Back to the Future: The Game


About a month or so ago, I was in GameStop getting my fix of mocking Call of Duty fantards, when an advertisement on their TV caught my eye:

That’s right, a “Back to the Future” video game. The above trailer isn’t the exact one I saw, but it’s close enough to get my point across. The one I saw was for the Nintendo Wii, and consisted of all five episodes of the story. I immediately knocked some Call of Duty-playing faggot out of the way to ask the cashier about the game’s location. He irately pointed to a shelf right next to me. I thanked him by throwing a crumpled-up $20 bill at him and giving him the middle finger, then left the store to rejoin my friends and the one asshole we let tag along with us because we feel sorry for him.

A month or so later, I finally got around to playing the game. I hadn’t touched my Wii in several months, so I had forgotten about how much of a pain in the ass the motion sensor was in such small quarters as the room I keep my Wii. After about five minutes of fidgeting around, I found a nice comfortable space curled up against a wall and began playing.

The first thing I noticed was the horrendous lag. The poor little Wii just couldn’t handle the framerate of this game, especially during the cutscenes. For what it’s worth, later investigation confirmed that the computer version doesn’t have this problem.

Putting aside this very overt flaw, I pressed on, eventually gaining control of Marty in Doc’s lab. The controls were a fucking bitch. Even using the D-Pad was painstaking and at times off-putting. Eventually I got used to it and was able to work around it, but it still became pretty frustrating at times.

Two terrible flaws. Frame lag (which should NEVER happen on a console, EVER), and annoying controls. By now most gamers would have thrown aside this game and went back to their generic annually-released FPS’s and RPG’s. Thankfully, I’ve never considered myself a gamer. I pressed on, because after all, it’s Back to the fucking Future. I love Back to the Future. I even have a poster of that shit on my fucking wall:

Fuck yeah.

I’m very glad I didn’t put the game down, because once the story began to unfold I was absorbed. I almost called out of work once or twice just so I could stay home and keep playing. I don’t want to ruin the game for others, so I won’t give away too much of the plot. Basically, you go back to 1931 and work with a young version of Doc to lock up Biff’s father and stop Doc from marrying Vice Principal Strickland’s sister and turning Hill Valley into a morally uptight police state. There’s more to it than that, but if you want a full summary, lrn2Googlefagit.

As far as the gameplay itself goes, it’s a very simplistic point-and-click deal, with no way to lose. The puzzles are pretty simple, and even if you can’t figure them out, there’s a help system that pretty much holds your hand throughout the game. This is what got the game mostly negative reviews. Strange, considering that normally video game critics are foaming at the mouth to give a game rave reviews based merely on its storyline. After all, that’s why Grand Theft Auto 4 is considered a “Masterpiece” by the dipshits over at IGN. God knows it can’t be because of all the annoying attempts at realism, like having to obey helmet laws on motorcycles or being able to fly through your windshield after a crash. I don’t need realism because I already live in the real world, you fucking numbskulls. I suggest you put down the Mountain Dew and Doritos and join me there. On second thought, don’t. I deal with enough assholes on a daily basis.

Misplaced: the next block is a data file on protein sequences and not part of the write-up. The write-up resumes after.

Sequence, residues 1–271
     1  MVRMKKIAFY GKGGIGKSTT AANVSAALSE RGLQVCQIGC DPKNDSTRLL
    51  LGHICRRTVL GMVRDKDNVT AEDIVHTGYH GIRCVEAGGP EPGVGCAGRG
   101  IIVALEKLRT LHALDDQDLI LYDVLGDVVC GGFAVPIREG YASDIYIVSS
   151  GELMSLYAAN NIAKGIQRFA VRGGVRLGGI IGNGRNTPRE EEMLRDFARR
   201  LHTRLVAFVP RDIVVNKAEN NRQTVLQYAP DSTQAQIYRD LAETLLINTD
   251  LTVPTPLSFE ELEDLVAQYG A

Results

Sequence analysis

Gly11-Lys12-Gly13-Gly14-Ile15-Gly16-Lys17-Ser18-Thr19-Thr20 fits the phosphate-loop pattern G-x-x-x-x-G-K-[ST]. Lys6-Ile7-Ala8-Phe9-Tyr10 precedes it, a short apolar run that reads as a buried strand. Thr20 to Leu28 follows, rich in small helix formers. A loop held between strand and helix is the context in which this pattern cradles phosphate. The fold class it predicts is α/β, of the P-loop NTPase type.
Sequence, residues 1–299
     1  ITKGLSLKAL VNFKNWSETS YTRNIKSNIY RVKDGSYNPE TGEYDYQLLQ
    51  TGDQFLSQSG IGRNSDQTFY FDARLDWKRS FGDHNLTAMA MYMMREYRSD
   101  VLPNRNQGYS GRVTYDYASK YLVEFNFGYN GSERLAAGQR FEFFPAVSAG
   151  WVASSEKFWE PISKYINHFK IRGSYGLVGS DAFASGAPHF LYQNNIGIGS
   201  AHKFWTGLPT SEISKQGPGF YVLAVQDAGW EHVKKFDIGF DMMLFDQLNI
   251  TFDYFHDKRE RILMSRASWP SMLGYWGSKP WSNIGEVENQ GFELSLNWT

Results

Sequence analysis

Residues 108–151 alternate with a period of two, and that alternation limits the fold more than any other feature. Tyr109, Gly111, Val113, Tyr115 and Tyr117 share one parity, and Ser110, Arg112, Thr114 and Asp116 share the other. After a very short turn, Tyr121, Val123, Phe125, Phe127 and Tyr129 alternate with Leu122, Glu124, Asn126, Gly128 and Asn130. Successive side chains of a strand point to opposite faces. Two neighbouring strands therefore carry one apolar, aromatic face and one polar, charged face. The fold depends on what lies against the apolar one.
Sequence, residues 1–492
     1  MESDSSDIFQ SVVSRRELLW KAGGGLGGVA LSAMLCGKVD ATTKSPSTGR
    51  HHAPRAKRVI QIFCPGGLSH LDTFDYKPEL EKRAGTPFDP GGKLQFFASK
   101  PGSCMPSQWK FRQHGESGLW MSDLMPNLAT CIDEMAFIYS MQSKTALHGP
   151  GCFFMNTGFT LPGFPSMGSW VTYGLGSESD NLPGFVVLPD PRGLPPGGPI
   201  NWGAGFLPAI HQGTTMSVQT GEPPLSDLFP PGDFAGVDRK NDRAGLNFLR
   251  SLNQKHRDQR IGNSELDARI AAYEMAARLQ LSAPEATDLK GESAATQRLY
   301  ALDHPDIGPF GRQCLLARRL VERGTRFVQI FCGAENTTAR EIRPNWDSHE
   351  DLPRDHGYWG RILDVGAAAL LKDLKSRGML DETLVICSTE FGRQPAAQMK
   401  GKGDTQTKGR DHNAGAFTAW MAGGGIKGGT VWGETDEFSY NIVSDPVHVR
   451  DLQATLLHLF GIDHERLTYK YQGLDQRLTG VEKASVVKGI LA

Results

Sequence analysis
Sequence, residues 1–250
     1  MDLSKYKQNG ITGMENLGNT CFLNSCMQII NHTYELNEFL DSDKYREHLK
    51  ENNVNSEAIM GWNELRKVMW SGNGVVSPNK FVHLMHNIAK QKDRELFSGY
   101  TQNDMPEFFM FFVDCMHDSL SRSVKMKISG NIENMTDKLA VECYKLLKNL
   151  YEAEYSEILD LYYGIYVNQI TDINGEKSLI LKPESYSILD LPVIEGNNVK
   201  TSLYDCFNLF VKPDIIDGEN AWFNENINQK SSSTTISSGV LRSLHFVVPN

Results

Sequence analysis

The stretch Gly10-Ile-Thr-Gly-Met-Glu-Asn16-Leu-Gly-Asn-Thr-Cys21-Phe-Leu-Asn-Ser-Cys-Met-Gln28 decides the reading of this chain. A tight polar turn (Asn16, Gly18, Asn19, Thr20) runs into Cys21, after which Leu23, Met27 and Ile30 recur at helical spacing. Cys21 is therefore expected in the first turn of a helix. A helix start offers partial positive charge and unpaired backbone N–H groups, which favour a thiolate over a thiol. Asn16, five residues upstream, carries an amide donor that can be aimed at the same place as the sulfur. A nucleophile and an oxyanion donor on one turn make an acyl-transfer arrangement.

The voice acting is pretty good, and even the game’s haters agree on this. Christopher Lloyd reprises his role as Doc, while Marty’s voice is done by AJ LoCascio. Never heard of AJ LoCascio? Me either. But damn, this guy does a great job of impersonating Michael J. Fox’s voice. Seriously, the differences are pretty much nonexistent. I’d expect nothing less from a guy named AJ. There’s no Thomas Wilson, Crispin Glover, or Lea Thompson, but the rest of the voice actors do their jobs adequately enough that you’re able to recognize who’s supposed to be who.

All in all, this isn’t a bad game, and basically serves as an interactive fourth movie. In fact, it would have been pretty cool if Robert Zemeckis had made this as a movie back in the 80’s when Michael J. Fox was still young. Yeah, the game has its flaws. Still, I’d pick it over any of these stupid mass-produced “realistic” linear FPS’s, like Call of Dooky or Battlefail. I know I’ve said the exact opposite in the past, but this is one of those rare instances where you actually want to buy a game not for its gameplay but for its story.

My verdict? I give this game the Seal of Approval:

It just occurred to me that I never bothered to make my own Seal of Approval. I’ll have to get on that after I put this article up. In the meantime, just pretend it’s something cool and edgy, like a baby seal getting bashed in the head with a club or something.


The founder and owner of AJnet, and the current king of internet ranting. Hailing from the fine village of Northeast Philadelphia, AJ has been creating content on the internet for over 15 years. None of it has really been funny or entertaining, but he keeps trying anyway. When he’s not creating new articles for the site, he can be found watching anime or playing retro video games.